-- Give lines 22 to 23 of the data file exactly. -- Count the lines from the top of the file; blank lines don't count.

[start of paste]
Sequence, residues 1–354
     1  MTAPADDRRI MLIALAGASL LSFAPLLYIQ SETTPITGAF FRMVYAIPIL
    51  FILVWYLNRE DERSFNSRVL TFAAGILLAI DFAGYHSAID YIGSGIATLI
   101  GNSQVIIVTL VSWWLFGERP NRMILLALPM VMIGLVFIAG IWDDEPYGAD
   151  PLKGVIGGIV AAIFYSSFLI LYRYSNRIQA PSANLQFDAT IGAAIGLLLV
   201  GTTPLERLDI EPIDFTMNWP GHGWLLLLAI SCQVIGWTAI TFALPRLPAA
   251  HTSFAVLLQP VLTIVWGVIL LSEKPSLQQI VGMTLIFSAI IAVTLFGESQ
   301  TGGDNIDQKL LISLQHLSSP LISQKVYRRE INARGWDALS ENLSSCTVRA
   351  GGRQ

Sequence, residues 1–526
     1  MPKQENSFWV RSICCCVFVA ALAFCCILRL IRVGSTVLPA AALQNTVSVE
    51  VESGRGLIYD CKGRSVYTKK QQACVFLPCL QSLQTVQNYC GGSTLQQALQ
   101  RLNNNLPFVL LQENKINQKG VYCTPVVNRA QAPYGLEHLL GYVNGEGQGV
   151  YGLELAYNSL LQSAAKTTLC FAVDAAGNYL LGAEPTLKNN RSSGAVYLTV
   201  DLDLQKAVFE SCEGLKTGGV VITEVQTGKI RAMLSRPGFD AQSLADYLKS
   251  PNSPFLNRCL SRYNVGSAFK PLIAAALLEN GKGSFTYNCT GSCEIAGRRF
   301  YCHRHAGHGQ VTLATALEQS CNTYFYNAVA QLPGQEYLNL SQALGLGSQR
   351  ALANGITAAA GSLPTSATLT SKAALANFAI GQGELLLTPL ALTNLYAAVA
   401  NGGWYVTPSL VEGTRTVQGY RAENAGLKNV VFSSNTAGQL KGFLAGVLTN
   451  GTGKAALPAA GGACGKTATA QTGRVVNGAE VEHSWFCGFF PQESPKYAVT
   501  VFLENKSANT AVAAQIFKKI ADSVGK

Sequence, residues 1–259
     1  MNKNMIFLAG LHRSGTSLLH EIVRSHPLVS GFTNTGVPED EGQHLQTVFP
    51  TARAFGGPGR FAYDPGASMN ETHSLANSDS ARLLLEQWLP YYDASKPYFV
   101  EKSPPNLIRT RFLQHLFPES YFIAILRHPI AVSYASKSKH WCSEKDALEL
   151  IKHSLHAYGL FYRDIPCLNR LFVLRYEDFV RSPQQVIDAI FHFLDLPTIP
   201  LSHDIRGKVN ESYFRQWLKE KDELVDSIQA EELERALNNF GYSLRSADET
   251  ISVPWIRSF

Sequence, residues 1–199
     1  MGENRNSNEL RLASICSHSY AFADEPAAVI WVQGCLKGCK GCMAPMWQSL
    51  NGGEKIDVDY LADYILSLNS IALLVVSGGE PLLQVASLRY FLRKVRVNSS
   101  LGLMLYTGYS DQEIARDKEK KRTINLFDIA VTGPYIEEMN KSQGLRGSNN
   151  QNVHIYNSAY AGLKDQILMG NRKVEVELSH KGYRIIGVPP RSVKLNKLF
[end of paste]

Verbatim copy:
Sequence, residues 1–259
     1  MNKNMIFLAG LHRSGTSLLH EIVRSHPLVS GFTNTGVPED EGQHLQTVFP